Men keep alive memory of detained Ukrainians
BY BOB FLORENCE, THE STARPHOENIX
NOVEMBER 8, 2011 3:11 AM
Otto Boyko wants his dad’s watch – a pocket watch.
“He spoke fondly of it,” said Otto, a man in his 70s. “I would like it to be
Talking about his dad, his voice broke.
His dad, Maksym, was thought to be a threat to Canada during the First World
War, not because of anything he did, just because of where he was from. As a
recent immigrant from a part of Eastern Europe controlled by the
AustroHungarian Empire, he was a casualty of the War Measures Act and was
labelled an enemy alien.
Canadian police took his money and his watch and sent him to an internment
camp. He lived behind barbed wire. He was forced to do labour, including
logging in Quebec in winter.
This is how Canada treated certain foreigners during the war. Some were shot
trying to escape camp, others were tied up and dragged in a river. Maksym
and thousands of others took the heat simply for being Ukrainian.
After coming to Canada, a place he considered a land of opportunity, Maksym
was a prisoner for 18 months.
He was released in 1916, age 42 and single. He went to work at a steel mill
in Hamilton, then ran a market garden in St.
Catharines, Ont. He moved to Saskatoon and built a boarding house on Avenue
D, marrying a woman who roomed there with her girlfriend.
Maksym and his wife settled in Prince Albert, raising five sons and two
“We’d go fishing in the North Saskatchewan River and he’d tell me stories
about being a prisoner of war,” Otto said. “It didn’t register with me
It does now. Otto, who lives in Edmonton, said the high school history
curriculum in Alberta is going to tell the story of Ukrainians being sent to
prison camps. Other provinces are expected to follow.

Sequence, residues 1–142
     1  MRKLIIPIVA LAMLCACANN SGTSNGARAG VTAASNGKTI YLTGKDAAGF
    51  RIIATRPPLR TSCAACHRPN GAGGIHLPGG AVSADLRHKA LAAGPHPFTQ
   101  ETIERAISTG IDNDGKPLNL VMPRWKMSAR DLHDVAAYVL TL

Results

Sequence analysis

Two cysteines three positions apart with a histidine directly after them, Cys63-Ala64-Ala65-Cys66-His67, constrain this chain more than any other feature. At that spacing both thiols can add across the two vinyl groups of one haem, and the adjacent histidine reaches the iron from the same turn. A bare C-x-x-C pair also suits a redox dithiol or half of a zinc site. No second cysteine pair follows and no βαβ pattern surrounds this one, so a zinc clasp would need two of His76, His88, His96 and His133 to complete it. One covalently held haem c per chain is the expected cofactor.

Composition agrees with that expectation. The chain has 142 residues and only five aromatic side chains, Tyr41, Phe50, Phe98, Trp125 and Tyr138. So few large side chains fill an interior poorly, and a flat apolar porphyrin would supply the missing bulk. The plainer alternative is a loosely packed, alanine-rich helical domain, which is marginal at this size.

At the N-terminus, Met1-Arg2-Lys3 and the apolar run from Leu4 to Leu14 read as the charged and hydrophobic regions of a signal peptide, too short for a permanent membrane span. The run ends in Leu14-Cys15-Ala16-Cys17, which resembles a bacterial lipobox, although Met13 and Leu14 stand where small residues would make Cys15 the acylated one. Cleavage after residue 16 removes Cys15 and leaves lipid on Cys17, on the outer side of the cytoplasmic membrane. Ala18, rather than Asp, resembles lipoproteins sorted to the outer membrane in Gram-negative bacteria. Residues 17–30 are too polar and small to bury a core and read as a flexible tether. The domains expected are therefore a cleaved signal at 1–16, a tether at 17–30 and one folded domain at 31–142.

There is more.
A memorial marker on the grounds of the Saskatchewan Railway Museum near
Pike Lake recognizes an internment camp that was there for three weeks in
1919, in a place called Eaton. It was the only Saskatchewan prison camp
among 24 in Canada.
There is Bohdan Kordan. A professor in St. Thomas More College at the
University of Saskatchewan, Kordan has received a grant to study and write
about internment camps, adding to the volume of work he has done on the
Although gone, this ugly part of Canada’s past is not forgotten. Helping to
keep it alive is Lubomyr Luciuk.
Raised in Kingston, Ont., he used to play at Fort Henry, a national historic
site linked to the War of 1812.
“A beautiful site,” Luciuk said. “I didn’t realize it was an internment
camp. I thought, ‘Wow. Is this real? A camp here? Why isn’t this taught?'”
He got busy.
Luciuk, who is a profesor at Royal Military Colege in Kingston, has done a
truckload of research on internment camps. He knows names and places. He has
talked with internees.
Mary Bayrak was the last survivor among the Ukrainians in camps, dying three
years ago. That was just about the time the Canadian government started to
support internment projects, paying for everything from films to art to
commemorative events. Called the First World War internment recognition
fund, it might be Luciuk’s crowning achievement.
“I spent a quarter of my life working on this,” said Luciuk, 58, who doesn’t
have relatives who were in the camps, but a connection thicker than blood.
“We didn’t ask for an apology (from the government). We didn’t want
compensation. This is about memory, not money.
“Did I see it taking this long? No. My parents always said to me, ‘If you
start something, finish it. If you do something, do it well.’ The story
needs to be told. This work is all for naught if it’s not for something.
“I hate to play Man of La Mancha and make it poetic, make it sound like we
were tilting at windmills. But this is what needed to be done and we did
Although Luciuk regrets that no former prisoners were alive to see the start
of the recognition fund he prompted, he considers today’s generation. He
thinks of exhibits going up in national parks where internment camps used to
be. He thinks of his daughter in university, learning about a slice of
Canadian history that might otherwise have faded away.
Said Otto Boyko: “All that’s wanted is recognition.”
Otto was 12 when his father died. Otto worked for 21 years in the Canadian
military and another 21 with the RCMP. He will probably never see his father
Maksym’s pocket watch. What he does have is an old wooden hook, dating to
when his dad worked in a prison camp almost 100 years ago.
“Dad used the hook to knit mitts and make inserts for boots,” Otto said.
(c) Copyright (c) The StarPhoenix
Men keep alive memory of detained Ukrainians